Take for example one of our fourteen US Trident submarines. Each has 24 missiles limited to eight warheads per missile. These multiple independent reentry vehicles (MIRV) can only disperse over a set area, meaning a single US commander might only destroy 25-30 major Russian cities. However, with the more concentrated American population, a corresponding Russian Akula sub with 20 missiles holding 10 MIRVed missiles could destroy far more than 20 major US cities. Think LA, San Diego, San Francisco, Seattle, and other major cities all the way to Washington. Some of those warheads could include Electromagnetic Pulse weapons, which by destroying the electrical grid could according to one ex-CIA director eventually kill ninety percent of Americans. That estimate may be doubtful, but a few EMP weapons could conceivably destroy large swaths of the American economy for decades.

That’s the damage from one sub. One sub commander. 

The Present Threat

Many argue that nuclear war has recently become more likely. Factors include:

1. An unstable and irritable North Korean regime which has produced working thermonuclear weapons and ICBMs, though it has not yet effectively combined the two. However, nuclear-tipped ICBMs are a 1950s technology, and there are many other ways North Korean weapons could be delivered to South Korea, Japan or the US.

2. Abrogation of the Iran nuclear treaty, which could allow Iran to quickly create nuclear weapons and set off a Sunni-Shia nuclear arms race which might also engage Israel’s hundreds of nuclear weapons.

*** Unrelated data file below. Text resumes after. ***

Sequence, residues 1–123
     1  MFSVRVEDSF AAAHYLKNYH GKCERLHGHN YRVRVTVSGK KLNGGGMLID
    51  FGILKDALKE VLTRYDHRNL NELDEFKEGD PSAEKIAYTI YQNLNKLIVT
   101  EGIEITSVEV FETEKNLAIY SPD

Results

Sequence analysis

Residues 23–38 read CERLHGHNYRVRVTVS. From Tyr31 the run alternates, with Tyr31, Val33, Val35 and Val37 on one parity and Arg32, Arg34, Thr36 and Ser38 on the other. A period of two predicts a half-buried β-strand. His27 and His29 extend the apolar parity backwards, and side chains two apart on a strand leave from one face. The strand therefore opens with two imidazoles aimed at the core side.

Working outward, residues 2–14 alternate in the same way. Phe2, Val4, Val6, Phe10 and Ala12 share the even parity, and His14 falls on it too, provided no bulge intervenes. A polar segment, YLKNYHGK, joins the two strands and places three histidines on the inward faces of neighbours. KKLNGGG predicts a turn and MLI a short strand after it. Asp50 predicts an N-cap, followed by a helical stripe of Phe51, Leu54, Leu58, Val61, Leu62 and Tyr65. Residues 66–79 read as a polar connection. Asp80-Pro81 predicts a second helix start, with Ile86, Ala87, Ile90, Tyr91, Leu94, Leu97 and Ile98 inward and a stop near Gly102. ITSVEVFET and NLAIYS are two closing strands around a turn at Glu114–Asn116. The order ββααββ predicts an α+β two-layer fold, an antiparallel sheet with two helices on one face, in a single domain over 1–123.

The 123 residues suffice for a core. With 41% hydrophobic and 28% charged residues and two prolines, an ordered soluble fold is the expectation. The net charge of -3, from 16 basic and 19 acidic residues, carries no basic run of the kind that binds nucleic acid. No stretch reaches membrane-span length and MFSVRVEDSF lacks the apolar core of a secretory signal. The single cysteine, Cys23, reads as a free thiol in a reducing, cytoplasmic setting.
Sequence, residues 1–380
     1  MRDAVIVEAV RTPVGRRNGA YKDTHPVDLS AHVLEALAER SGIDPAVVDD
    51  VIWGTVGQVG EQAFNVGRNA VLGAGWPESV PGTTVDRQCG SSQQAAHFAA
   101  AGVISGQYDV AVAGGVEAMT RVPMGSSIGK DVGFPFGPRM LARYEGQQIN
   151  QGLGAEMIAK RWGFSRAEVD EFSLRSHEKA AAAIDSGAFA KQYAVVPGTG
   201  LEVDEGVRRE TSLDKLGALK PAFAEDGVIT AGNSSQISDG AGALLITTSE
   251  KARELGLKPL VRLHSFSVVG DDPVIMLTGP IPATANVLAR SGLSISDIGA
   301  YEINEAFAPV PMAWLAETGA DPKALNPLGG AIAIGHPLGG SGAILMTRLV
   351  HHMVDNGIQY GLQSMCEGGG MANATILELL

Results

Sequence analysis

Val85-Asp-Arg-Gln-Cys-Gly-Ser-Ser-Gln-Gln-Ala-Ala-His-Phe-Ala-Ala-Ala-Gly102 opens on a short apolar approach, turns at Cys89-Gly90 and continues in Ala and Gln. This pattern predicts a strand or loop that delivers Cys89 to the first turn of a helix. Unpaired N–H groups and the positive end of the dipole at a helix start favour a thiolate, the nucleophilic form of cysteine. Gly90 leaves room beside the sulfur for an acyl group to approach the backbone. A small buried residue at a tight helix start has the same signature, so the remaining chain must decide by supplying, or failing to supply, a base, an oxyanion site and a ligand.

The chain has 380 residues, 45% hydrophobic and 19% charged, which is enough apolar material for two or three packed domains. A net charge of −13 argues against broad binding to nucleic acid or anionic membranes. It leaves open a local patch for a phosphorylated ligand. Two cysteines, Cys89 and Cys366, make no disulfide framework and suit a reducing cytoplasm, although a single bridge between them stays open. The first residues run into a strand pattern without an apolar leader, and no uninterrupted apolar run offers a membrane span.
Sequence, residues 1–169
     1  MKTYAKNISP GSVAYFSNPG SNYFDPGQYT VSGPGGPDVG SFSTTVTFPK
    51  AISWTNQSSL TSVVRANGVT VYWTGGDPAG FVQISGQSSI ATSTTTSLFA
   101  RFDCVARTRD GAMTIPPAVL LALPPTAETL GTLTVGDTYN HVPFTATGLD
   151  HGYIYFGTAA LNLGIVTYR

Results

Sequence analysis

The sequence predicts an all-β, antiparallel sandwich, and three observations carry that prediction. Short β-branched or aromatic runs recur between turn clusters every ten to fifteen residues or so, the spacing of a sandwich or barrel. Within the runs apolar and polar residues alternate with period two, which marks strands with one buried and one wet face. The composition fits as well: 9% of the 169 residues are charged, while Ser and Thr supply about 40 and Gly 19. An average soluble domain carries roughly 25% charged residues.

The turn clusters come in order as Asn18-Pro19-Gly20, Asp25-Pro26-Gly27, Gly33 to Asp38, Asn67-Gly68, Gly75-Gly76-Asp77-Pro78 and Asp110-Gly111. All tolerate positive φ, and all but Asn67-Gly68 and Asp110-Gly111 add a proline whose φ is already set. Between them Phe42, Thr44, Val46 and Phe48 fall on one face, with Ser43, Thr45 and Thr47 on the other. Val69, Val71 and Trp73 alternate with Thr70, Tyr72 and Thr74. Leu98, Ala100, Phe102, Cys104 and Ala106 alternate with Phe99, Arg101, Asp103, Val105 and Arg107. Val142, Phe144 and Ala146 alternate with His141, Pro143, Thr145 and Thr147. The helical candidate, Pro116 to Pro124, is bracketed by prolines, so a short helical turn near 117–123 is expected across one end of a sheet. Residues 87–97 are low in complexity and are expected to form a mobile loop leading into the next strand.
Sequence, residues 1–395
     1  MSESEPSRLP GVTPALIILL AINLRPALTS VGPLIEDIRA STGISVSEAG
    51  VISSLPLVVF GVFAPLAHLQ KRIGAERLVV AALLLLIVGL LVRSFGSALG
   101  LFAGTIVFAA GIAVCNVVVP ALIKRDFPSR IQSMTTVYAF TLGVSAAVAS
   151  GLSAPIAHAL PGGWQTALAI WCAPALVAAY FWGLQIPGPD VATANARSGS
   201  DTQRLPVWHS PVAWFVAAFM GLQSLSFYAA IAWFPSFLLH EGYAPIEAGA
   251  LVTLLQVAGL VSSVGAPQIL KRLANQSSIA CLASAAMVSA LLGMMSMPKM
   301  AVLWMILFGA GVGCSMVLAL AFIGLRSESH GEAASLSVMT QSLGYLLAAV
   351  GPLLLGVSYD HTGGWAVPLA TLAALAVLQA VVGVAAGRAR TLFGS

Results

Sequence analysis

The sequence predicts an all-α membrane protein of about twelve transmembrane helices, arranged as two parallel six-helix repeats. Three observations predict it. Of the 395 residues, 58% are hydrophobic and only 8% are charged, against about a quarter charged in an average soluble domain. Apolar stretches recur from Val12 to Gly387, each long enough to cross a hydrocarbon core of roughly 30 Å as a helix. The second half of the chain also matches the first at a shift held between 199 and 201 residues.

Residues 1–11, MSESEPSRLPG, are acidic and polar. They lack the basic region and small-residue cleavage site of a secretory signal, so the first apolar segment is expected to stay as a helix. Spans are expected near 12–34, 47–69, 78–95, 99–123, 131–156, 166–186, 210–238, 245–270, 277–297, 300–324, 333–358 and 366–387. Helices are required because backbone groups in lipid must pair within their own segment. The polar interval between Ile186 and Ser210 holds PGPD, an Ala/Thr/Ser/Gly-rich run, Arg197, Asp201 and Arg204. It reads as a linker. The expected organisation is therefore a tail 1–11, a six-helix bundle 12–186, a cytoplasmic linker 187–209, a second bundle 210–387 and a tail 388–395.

3. Changes in U.S. nuclear strategy, which could include more “low yield” tactical weapons that greatly blur the distinction between nuclear and non-nuclear devices, plus a new Pentagon policy draft which declares cyberattacks potentially answerable by an American first strike.

4. Aggressive moves by the Russian Federation to create new nuclear cruise missiles and perhaps a virtually undetectable nuclear torpedo whose large warheads could easily destroy coastal American cities like Los Angeles and New York.

5. Statements by national leaders. President Trump’s widely reported statement that “what’s the point of nuclear weapons if you don’t get to use them” appears if not apocryphal, at least poorly sourced. He has however said that Europe is “big enough” that  nuclear weapons are not off the table, and during his campaign called for American nuclear weapons capacity to be increased “tenfold.”

One Percent

It is hard to put the threat of nuclear weapons to personal survival at a specific risk level. However, given past experiences, it is arguable that the risk of nuclear weapon use to any American’s life may be on the order of an ongoing 1 percent.

There are approximately 325 million Americans.  A 1 percent risk works out to a death rate of 3.25 million per year.

To place this in perspective, approximately 2.62 million Americans die every year.

By this reckoning, the threat of nuclear weapons represents more potential deaths than do all causes of mortality in the U.S., all the tumors, heart attacks, strokes, accidents and murders, and ravages of old age.

Asked why nuclear weapons have not been used since 1945, many nuclear weapons experts respond with a single word–“luck.”  If many military commanders had followed their orders and protocols, it would already have happened. Many times over.

Survival is a bipartisan issue. Nuclear weapons may be too big to think about but not too big to use. We have to talk about them, in our schools, our religious institutions, our homes, and our political campaigns to create policies that lower the risk. The survival and health of you, your kids, your community and economy, merits attention.

Everybody dies. No one ought to die from nuclear weapons.